I was nineteen years five months old when I fell in love for the first time. This seemed to me a profound, advanced age; never can we anticipate being older than we are, or wiser; if we're exhausted, it's impossible to anticipate being strong; as, in the grip of a dream, we rarely understand that we're dreaming, and will escape by the simplest of methods, opening our eyes.
I still encourage anyone who feels at all compelled to write to do so. I just try to warn people who hope to get published that publication is not all it is cracked up to be. But writing is. Writing has so much to give, so much to teach, so many surprises. That thing you had to force yourself to do---the actual act of writing---turns out to be the best part. It's like discovering that while you thought you needed the tea ceremony for the caffeine, what you really needed was the tea ceremony. The act of writing turns out to be its own reward.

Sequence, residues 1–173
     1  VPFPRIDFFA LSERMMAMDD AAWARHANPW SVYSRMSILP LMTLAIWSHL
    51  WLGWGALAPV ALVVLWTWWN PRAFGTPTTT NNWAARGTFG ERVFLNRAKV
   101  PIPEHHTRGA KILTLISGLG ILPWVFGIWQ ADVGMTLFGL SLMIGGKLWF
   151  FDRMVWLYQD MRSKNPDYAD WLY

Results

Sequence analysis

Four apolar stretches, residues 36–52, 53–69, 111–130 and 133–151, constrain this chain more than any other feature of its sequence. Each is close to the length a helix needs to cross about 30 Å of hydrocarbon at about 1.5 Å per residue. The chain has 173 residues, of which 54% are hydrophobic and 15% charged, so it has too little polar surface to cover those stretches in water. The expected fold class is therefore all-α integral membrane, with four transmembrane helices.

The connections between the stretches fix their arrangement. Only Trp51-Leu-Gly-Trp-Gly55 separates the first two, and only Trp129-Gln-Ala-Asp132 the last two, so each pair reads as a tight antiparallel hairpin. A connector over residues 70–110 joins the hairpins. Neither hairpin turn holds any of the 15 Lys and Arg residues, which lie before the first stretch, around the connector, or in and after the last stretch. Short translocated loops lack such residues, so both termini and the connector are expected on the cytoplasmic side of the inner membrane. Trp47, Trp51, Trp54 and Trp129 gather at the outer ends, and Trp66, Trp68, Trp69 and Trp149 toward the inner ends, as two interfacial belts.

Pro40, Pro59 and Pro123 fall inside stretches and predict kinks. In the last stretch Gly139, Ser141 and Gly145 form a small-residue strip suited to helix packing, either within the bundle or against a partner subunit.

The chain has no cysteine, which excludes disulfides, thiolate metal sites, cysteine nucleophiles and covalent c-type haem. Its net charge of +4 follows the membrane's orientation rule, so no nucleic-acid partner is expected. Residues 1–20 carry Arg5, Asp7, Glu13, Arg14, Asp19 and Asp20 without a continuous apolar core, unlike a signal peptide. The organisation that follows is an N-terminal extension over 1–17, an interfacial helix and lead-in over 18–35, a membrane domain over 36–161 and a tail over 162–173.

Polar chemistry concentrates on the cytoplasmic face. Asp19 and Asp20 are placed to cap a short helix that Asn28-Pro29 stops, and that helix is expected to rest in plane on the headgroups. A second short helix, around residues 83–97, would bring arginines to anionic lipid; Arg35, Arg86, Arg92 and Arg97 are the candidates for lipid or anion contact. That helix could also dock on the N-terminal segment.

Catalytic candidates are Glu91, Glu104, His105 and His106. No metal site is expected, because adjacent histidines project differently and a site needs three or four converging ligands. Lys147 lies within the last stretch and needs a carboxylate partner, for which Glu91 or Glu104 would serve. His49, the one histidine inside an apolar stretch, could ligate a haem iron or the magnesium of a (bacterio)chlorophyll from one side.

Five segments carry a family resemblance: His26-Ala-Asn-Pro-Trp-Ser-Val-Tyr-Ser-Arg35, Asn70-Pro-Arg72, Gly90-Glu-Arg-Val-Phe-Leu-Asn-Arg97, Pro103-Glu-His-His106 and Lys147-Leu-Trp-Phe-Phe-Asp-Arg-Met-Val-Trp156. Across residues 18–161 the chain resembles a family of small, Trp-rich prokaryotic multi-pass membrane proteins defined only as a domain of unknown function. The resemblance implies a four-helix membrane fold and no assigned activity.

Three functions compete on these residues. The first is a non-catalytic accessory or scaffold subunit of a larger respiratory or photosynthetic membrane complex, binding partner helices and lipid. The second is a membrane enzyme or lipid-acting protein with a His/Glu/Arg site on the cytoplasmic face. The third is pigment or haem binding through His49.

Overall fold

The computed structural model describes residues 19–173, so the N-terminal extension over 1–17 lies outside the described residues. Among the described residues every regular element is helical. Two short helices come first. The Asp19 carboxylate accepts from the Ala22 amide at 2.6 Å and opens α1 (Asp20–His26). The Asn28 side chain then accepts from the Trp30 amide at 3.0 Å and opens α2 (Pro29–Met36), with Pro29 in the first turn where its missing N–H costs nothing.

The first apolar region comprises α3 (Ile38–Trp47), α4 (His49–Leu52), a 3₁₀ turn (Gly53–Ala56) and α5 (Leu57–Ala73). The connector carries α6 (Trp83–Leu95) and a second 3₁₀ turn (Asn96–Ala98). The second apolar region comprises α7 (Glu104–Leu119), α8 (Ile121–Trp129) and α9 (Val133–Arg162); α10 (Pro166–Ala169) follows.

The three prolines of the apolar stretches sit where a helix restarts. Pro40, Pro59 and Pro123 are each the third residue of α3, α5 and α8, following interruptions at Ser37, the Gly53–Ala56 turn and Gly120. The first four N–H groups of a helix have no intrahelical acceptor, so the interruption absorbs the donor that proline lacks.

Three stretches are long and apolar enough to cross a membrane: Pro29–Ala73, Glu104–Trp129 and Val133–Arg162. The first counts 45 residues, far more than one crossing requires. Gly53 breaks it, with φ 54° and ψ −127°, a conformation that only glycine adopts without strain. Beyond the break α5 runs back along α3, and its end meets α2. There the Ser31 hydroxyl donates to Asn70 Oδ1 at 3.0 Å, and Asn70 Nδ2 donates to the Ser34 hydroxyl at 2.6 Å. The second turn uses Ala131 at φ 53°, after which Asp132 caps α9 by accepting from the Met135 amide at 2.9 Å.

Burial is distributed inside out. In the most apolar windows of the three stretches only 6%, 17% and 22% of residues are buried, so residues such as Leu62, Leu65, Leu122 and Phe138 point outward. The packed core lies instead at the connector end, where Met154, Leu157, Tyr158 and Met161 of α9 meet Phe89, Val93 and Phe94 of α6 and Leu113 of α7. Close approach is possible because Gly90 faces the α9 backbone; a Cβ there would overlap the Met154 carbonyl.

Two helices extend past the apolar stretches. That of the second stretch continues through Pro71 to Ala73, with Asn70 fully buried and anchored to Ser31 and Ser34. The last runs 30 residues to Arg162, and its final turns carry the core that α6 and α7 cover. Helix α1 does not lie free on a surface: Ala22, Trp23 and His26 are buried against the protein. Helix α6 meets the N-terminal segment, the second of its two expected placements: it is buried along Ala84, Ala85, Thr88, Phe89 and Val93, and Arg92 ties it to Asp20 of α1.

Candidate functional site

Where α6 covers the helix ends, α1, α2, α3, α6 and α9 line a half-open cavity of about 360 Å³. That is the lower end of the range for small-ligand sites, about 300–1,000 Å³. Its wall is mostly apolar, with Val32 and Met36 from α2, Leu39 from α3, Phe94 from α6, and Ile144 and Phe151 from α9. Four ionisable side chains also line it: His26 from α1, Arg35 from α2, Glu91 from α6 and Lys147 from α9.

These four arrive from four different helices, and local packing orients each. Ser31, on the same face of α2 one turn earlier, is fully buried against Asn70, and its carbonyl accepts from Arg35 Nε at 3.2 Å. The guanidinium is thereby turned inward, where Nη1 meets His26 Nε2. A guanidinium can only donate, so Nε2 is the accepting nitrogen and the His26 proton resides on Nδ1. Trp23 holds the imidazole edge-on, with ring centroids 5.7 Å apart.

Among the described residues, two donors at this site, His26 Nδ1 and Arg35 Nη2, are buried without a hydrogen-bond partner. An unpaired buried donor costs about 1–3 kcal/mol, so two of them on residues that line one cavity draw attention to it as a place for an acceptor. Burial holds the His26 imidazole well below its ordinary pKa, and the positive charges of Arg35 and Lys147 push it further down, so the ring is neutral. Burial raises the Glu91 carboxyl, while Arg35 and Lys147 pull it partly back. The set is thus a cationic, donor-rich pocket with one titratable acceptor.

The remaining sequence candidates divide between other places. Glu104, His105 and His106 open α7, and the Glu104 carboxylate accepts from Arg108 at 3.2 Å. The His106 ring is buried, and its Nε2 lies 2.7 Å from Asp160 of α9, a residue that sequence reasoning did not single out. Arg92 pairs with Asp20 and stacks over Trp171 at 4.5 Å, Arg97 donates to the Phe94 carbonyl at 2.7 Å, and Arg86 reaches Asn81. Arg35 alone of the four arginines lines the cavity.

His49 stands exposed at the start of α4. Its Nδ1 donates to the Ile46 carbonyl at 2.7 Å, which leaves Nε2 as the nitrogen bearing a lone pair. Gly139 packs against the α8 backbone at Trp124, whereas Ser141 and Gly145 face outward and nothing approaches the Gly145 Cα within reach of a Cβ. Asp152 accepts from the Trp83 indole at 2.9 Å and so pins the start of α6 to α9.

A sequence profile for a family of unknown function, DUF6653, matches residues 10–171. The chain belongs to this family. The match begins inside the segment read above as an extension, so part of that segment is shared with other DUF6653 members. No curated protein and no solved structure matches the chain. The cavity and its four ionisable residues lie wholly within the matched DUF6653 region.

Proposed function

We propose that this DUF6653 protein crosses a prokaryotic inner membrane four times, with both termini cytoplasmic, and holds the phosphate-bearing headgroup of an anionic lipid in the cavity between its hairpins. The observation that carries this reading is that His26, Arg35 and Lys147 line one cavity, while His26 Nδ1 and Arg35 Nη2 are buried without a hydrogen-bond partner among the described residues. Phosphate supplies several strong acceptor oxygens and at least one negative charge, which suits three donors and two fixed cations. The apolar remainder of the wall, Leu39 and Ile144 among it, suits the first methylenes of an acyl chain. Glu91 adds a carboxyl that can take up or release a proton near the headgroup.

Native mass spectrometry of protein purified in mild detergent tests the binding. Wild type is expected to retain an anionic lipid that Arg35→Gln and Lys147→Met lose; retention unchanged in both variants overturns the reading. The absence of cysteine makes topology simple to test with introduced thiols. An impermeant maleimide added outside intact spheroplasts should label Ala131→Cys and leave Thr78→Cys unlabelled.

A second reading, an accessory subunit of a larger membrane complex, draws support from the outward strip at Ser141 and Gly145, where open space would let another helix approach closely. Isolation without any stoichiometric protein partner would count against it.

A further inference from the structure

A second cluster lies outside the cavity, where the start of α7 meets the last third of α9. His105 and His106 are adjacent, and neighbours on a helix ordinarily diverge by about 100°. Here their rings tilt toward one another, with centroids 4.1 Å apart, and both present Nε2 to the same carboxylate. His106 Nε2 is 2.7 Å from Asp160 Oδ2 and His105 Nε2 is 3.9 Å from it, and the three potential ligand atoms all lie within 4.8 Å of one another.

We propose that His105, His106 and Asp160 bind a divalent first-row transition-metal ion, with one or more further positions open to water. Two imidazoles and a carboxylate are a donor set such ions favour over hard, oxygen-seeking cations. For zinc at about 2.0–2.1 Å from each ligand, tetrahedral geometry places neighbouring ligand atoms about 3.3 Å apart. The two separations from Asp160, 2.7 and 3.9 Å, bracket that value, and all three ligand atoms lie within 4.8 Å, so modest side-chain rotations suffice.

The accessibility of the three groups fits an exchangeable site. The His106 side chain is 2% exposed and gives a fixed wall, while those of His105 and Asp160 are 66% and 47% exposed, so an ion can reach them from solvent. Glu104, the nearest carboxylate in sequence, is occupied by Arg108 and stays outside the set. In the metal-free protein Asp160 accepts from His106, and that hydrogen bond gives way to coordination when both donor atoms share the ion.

Galinda didn't see the verdant world through the glass of the carriage; she saw her own reflection instead. She had the nearsightedness of youth. She reasoned that because she was beautiful she was significant, though what she signified, and to whom, was not clear yet...She was, after all, on her way to Shiz because she was smart. But there was more than one way to be smart.